A sure sign of the end of summer, September magazines, beefy as ever, have hit the newsstands. No need to lug them to the beach over Labor Day, we've highlighted the art world tidbits right here.
But first, a look back to the art world's August highlight, the 1999-2000 Art in America Guide. The indispensable directory lists a total of 4,977 galleries and museums (141 more than last year) in its 320 pages. The $15 price tag hasn't changed, but the book has a snappy new design. Editorial matter includes a preview of some forthcoming museum shows, as well as 1998 obits, listings of art schools, an editorial index and a new column called "Auction Highlights."
The guide is brimming with advertisements, as always, but this year a new product has taken over -- art-related websites. Heralding the new millennium, the book opens with page after page of ads for Internet companies. (There were none last year.) Don't know what they're thinking -- they can't possibly compete with Artnet.com.
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Vogue is all over the art world this month, starting with the Guggenheim SoHo's dinner party for the opening of Andy Warhol's Last Supper series, back in early August. The theme of the party was the Last Supper, of course, and apparently the guests all sat on the same side of the 10 tables and ate 300 grilled sardines. According to Vogue, model Stephanie Seymour, who along with husband Peter Brant lives upstairs from the museum, was a Christ-like hostess; she "went around to each of the ten tables -- but no one betrayed her." She did wear a long, sort of robe-like white dress, anyway.
Fashion editors at the Milan catwalks this summer found Calvin Klein to be particularly artistic. According to Vogue, Calvin derived inspiration for his Spring/Summer 2000 men's line from Jasper Johns' White Flag -- the clothes are all different shades of white. Keep him away from the Chris Ofilis!
Vogue also has a one-page "People are Talking About" on drawings dealer Kate Ganz, daughter of the late supercollectors Victor and Sally Ganz. After 15 years in London, Kate is opening a gallery at 25 East 73rd Street in New York in October.
Finally, on page 230, there's a great pic of Cindy Sherman and beau (?) Steve Martin at the Venice Bienniale back in June.
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Impressed by her Braille piece at the Venice Bienalle, Mirabella named artist Ann Hamilton as one of the 25 smartest women in America. Scientist Rhonda Roland Shearer made the list too, for her attempt to prove that Marcel Duchamp didn't find his readymades in hardware stores, but rather was a "cryptographer" who made the objects himself and "planted them as physical 'clues' to his own mathematical system." Mirabella also recognized Brooke Shields, Tina Brown, eBay CEO Meg Whitman, Lauryn Hill, Times fashion reporter Cathy Horyn, Susan Sontag and Chelsea Clinton as brilliant babes.
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Elle did a much less interesting top 25 list -- of "people and things you'll be talking about this fall, and into the next millennium." Quintessential 1990s photographers Richard Avedon, Annie Leibovitz, Mary Ellen Mark and David LaChapelle were named, all as one entry. Each artist has a major monograph coming out this fall. Like we haven't talked about Avedon and Liebovitz enough?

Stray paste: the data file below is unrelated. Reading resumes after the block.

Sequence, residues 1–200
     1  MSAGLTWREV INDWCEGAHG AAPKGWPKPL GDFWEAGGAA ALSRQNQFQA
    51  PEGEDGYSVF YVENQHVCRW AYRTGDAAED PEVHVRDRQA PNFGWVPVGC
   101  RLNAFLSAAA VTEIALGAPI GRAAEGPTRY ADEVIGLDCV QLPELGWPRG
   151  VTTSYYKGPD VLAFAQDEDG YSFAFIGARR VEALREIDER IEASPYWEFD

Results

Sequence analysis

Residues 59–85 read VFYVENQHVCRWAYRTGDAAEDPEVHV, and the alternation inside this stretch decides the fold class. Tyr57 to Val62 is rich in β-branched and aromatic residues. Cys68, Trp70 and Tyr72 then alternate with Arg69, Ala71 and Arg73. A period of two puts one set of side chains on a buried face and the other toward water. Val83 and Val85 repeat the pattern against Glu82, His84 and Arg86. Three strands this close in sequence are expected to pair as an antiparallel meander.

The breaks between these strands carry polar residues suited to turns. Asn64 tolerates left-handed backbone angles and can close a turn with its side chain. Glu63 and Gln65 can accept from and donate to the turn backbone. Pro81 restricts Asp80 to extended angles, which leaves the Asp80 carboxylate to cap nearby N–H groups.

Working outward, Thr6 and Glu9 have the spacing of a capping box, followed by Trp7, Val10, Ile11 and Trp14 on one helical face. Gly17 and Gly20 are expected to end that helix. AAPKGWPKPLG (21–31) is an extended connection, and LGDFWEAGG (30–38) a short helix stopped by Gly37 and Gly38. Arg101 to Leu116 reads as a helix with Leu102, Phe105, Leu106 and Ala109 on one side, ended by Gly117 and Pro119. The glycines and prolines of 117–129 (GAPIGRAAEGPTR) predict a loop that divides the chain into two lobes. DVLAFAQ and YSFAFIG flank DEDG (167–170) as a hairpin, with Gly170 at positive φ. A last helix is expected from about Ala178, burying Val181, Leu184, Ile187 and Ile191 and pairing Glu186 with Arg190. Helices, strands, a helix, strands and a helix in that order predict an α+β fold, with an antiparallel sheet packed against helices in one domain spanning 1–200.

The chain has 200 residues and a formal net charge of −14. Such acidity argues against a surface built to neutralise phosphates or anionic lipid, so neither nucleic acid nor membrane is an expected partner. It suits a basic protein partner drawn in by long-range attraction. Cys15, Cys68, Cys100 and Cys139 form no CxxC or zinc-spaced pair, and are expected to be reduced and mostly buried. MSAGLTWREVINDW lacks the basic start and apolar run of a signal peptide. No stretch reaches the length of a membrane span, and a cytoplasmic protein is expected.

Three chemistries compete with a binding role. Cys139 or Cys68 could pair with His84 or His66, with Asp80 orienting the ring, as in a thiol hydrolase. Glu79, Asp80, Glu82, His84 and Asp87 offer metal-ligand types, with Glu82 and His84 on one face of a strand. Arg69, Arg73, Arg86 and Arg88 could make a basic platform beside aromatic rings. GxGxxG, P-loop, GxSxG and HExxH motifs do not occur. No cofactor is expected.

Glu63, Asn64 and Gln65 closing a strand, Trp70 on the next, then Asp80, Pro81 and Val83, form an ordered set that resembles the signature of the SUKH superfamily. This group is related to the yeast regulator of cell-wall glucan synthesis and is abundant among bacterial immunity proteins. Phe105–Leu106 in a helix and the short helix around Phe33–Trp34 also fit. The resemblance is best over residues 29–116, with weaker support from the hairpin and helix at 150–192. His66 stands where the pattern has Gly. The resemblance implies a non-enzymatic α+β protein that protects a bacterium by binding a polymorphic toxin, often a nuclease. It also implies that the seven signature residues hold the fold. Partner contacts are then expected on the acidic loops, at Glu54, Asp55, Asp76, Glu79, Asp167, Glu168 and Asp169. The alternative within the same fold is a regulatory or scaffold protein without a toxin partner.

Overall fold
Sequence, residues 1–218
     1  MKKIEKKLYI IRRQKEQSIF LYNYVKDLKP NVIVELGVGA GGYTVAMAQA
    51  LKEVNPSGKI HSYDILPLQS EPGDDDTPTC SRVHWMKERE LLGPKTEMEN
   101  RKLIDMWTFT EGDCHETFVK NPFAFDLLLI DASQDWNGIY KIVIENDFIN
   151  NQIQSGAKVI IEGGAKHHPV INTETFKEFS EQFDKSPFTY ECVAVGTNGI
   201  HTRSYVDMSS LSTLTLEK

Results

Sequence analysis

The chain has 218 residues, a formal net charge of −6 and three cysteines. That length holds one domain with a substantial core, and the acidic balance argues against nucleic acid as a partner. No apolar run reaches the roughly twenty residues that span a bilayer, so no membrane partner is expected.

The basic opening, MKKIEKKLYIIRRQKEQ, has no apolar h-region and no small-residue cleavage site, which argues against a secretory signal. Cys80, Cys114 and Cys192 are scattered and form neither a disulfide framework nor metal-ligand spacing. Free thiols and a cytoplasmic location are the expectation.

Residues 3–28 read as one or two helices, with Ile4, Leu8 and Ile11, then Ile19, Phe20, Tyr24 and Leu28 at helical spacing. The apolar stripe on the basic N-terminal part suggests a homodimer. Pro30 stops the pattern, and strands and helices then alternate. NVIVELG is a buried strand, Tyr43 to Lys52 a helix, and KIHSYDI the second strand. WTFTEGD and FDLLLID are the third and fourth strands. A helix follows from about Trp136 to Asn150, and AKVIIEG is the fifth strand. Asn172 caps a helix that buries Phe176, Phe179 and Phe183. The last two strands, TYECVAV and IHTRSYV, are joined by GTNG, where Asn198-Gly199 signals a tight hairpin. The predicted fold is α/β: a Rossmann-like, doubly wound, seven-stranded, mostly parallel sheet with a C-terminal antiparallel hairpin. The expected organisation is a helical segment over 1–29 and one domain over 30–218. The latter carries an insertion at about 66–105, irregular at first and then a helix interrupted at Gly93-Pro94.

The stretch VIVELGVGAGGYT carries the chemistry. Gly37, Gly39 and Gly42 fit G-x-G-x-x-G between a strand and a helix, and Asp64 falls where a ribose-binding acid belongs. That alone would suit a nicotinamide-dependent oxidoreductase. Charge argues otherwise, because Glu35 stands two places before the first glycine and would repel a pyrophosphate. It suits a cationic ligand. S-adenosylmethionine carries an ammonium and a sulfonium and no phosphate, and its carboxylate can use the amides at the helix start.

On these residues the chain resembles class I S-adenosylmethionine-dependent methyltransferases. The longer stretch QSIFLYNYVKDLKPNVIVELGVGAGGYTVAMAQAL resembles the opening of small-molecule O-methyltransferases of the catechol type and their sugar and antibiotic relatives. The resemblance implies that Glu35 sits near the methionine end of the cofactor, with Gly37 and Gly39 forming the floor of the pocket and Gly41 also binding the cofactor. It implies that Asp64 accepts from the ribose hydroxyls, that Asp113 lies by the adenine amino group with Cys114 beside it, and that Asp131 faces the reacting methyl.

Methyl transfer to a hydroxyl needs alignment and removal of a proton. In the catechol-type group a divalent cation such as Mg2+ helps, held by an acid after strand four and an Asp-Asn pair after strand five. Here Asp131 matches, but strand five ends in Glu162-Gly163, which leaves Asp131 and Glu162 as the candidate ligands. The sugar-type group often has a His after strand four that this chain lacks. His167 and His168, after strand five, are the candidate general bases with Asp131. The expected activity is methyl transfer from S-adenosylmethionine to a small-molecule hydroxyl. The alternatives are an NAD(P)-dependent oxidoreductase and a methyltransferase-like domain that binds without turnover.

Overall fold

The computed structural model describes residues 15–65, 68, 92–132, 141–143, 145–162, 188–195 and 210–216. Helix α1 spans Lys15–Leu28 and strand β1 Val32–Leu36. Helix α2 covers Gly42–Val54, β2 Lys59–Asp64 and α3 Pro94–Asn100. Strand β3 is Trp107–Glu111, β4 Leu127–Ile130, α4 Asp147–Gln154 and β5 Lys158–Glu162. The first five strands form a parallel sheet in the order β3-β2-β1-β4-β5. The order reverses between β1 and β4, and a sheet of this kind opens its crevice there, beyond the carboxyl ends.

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Remember when New York magazine reported that director James Cameron copied a Sally Mann photograph without permission and passed it off as one of Leonardo di Caprio's sketches in Titanic? According to a story on the photographer in Elle, Cameron settled with Mann out of court and gave her an unnamed sum of money she used to buy a farm in Virginia.
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In an interview buried on page 358 in W, sandwiched between a bunch of second-rate jewelry advertisements, Brit painting sensation Gary Hume claims he makes paintings -- like the one of Kate Moss -- by tracing images in fashion magazines, since he's "terrible at drawing."
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The theme for the biannual New York Times Fashion of the Times magazine was "no more boring fashion: let the games begin." There was a crossword puzzle, a Madlibs, a "Where's Waldo" takeoff and a Mad magazine style fold-in, among other amusements. Best of all was Karen Kilimnik's paint-by-numbers "Vision of the New Fall Season," two pages of coloring-book drawings of the artist as a model wearing Lagerfeld, Fendi and Alberta Ferretti.
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Artist Tom Sachs spent three and a half hours in an airplane lavatory for his next installation at Mary Boone, Sept. 10-Oct. 23, according to the story behind the story of a New York Times Magazine write-up on former art dealer Tom Healy's swank New York apartment. Sachs' Brillo Boxes adorn a corner of Healy's living room. Daniel Sachs (no relation to the artist) and Fernando Santangelo, who designed the apartment, gave a few tips for a great apartment. No mention of buying cool art, but they did suggest investing in "the best upholstered seating you can afford." Preferably "springs with 12-way ties."
MEREDITH MENDELSOHN is associate editor of Artnet Magazine.